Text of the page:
5.  Your truck is easily picked up by antelope from very long distances.  If they see your truck they will be more alert and your chances of getting close diminish.  Strategically using your truck to get to new areas and then using your feet to move into good positions to glass lots of country is key.

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6.  In our experience, antelope on public ground generally have no pattern.

7.  Antelope are small targets and are easily missed.  Practice with your bow daily while on your hunt.

antelope, bowhunting, montana, wild, archery, practice, bear archery, glendel

8.  Wind is almost always a factor and can and will limit your effective shooting distance to very close ranges on many days.

9.  Stalking bedded bucks, especially solo bucks is a great method for getting close.

10.  Bucks don’t stay bedded in one spot for long.  When you locate one try to make a sound game plan and act quickly.  This is where instinct comes into play.  Trust it and go.

11.  Hunting a blind will give you the best chance at getting a good shot and filling your tag.

12.  Don’t expect antelope to regularly hit the same water hole unless it’s THE only water for the surrounding 5+ miles.  This scenario seems to be quite rare.

13.  Antelope don’t like blinds.

14.  You can put up a blind and immediately hunt it with success but having it up well ahead of time will increase your chances of bagging a buck.

15.  Bring lots of arrows and broadheads.  Nothing kills a hunt like running low on either one of these.

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16.  Practice shooting from a blind and chair before hunting your blind.  You don’t shoot the same as you do from your feet and having confidence to make any seated shot will help you convert your opportunities into notched tags and meat in the freezer.

17.  Set your blind in a spot where the prevailing wind is in your favor and where you will get a good broadside shot.  Good blind placement is key.

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18.  Take lots of reading materials to your blind and having multiple games on your phone makes the time pass easier.

19.  Don’t overlook the use of a decoy.  Early in the season a well placed decoy can draw in a buck from a long ways away.  It’s best to get as close as you can and then put up your decoy in a spot where you can get a shot if the buck heads your way.  Use the terrain to your advantage and try to get them to take a pre-defined path to the decoy that presents you with a good shot from some type of cover.

20.  Being able to discern land ownership is very helpful.  Hunting GPS Maps makes a great line of products that make this very easy, and I actually shot my buck on land that I was able to access using their Montana chip.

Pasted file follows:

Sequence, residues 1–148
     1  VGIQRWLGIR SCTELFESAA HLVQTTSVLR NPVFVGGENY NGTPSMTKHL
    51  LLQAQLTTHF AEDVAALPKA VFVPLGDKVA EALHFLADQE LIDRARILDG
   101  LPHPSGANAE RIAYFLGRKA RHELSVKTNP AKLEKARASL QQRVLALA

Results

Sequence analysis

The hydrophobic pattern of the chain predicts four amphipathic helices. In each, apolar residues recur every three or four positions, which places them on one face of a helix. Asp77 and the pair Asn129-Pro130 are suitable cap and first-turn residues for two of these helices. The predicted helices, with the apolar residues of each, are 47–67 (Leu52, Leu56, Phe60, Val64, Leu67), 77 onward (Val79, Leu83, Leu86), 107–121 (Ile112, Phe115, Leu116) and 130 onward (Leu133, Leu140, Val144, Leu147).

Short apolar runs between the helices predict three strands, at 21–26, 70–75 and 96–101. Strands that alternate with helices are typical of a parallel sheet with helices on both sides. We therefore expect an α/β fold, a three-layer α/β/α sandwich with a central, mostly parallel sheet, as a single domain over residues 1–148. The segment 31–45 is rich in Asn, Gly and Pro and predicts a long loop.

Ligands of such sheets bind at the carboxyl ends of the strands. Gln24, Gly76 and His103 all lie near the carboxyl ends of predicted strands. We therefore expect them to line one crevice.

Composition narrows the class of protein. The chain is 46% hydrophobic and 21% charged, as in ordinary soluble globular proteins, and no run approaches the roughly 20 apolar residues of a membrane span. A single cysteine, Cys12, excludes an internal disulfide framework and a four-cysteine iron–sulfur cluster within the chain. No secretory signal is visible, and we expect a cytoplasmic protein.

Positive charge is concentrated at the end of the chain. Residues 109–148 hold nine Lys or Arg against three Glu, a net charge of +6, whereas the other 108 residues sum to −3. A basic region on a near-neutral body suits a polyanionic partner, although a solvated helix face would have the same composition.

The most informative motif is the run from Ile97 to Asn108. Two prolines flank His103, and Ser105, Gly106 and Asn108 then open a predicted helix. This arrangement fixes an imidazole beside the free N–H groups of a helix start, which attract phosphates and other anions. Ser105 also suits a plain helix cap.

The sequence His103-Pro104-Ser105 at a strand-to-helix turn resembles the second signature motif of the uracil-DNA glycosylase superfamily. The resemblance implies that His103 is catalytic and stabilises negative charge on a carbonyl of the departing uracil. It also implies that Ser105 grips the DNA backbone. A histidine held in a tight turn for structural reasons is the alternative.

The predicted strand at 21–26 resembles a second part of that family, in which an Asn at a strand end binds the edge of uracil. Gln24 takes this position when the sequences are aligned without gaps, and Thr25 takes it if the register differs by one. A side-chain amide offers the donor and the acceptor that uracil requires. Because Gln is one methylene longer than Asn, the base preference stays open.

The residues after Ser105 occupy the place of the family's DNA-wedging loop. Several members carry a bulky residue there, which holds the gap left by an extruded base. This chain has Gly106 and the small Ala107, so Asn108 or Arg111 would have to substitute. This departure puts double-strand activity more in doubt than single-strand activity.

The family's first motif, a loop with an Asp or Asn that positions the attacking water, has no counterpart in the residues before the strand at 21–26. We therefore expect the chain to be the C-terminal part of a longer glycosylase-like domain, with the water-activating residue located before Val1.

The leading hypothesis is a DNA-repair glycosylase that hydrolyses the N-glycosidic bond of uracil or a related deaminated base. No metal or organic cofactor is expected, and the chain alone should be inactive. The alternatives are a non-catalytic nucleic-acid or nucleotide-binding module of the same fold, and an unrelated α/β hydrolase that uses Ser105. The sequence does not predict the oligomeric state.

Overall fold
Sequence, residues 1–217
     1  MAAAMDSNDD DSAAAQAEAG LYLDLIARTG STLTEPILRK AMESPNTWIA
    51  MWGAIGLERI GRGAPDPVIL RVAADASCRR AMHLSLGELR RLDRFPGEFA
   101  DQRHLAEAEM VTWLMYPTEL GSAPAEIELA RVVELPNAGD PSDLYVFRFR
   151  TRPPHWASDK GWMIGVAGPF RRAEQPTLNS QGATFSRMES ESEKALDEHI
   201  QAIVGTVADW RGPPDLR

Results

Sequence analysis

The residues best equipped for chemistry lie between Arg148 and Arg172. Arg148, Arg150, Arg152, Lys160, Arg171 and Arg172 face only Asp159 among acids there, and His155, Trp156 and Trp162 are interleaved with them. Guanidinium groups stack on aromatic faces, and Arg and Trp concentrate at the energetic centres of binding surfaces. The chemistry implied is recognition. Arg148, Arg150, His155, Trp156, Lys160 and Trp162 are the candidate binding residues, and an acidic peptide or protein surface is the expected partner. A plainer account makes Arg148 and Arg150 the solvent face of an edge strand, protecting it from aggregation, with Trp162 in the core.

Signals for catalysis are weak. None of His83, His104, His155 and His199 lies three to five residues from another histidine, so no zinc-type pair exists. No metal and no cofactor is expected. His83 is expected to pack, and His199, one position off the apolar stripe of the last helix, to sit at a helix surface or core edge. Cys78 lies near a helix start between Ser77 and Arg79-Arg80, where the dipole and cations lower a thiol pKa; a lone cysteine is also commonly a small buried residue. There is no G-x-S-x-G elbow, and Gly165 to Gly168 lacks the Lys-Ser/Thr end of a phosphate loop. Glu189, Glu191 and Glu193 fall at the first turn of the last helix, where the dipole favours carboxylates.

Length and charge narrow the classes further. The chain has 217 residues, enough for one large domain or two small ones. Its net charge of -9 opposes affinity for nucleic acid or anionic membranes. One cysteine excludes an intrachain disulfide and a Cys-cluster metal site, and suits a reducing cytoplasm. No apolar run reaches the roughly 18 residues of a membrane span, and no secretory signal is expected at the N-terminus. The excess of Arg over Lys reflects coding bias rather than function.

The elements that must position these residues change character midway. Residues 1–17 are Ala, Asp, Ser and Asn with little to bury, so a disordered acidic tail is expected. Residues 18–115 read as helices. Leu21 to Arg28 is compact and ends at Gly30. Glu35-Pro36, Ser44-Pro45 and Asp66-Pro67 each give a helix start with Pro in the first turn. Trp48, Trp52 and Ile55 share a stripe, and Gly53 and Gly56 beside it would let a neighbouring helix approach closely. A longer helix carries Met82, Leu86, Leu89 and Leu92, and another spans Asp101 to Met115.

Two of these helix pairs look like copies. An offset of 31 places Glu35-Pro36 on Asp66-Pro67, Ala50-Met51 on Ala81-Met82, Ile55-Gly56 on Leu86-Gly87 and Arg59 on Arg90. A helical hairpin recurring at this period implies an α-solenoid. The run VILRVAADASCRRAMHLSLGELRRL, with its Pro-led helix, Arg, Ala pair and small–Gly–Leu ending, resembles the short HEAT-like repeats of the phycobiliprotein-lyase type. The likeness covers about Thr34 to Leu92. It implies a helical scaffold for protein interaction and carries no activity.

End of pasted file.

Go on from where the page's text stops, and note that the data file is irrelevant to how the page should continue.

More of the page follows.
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21.  Have fun.  This is key to any hunt.

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Hopefully one of the above will help you in your next hunt.  If you have any advice you’d like to add please leave a comment below and we hope your next hunt is a success!

-Zack

bear hunting, Montana Wild, black bears, bowhunting, archery, Nikon D7000, hunting videos, timelapses, Bear Archery, Anarchy, Carbon Express

Spring in Montana.  It brings beauty and beast to the western half of the state each and every year.  Mostly it’s been beast.  Since Travis killed his bear, we’ve been blasted with rain almost every day.  The state of the weather flips on a dime it seems and the second you think the weather is shaping up, well think again.  The conditions have been making my goal of arrowing a black bear more and more difficult.  With the rain and longer days the grass is green almost everywhere, and it’s making the bears less and less reluctant to stay in the open for long.  Fortunately we’ve still been getting after them and we have upped the bear count to 20 for the year with 7 seen in the last 7 days.  Let’s just say seeing bears doesn’t convert into killing bears.  Often they are a ways off and on the move.  I could have killed at least 4 with a rifle, but the challenge of the bow makes it more intense and rewarding when it’s all said and done.

bear hunting, Montana Wild, black bears, bowhunting, archery, Nikon D7000, hunting videos, timelapses, Bear Archery, Anarchy, Carbon Express

The Backroads

The weekend started slow as we left town and drove 30 miles into the mountains.  We were able to glass one clearcut before the rain started coming down and hard.  Soon we were fogged in and had to call it a day.  It’s a bummer when you can’t even get out of the truck, but the mountains make the rules.

The next day we were in a spot we hadn’t hunted this year but knew held bears.  We had ran into two last year doing some elk scouting and there was plenty of open landscape to glass.  About 20 minutes in on our bike Travis made a crazy good spot.  There was a good black bear crossing some rocks and moving up a north facing slope.

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Bear #17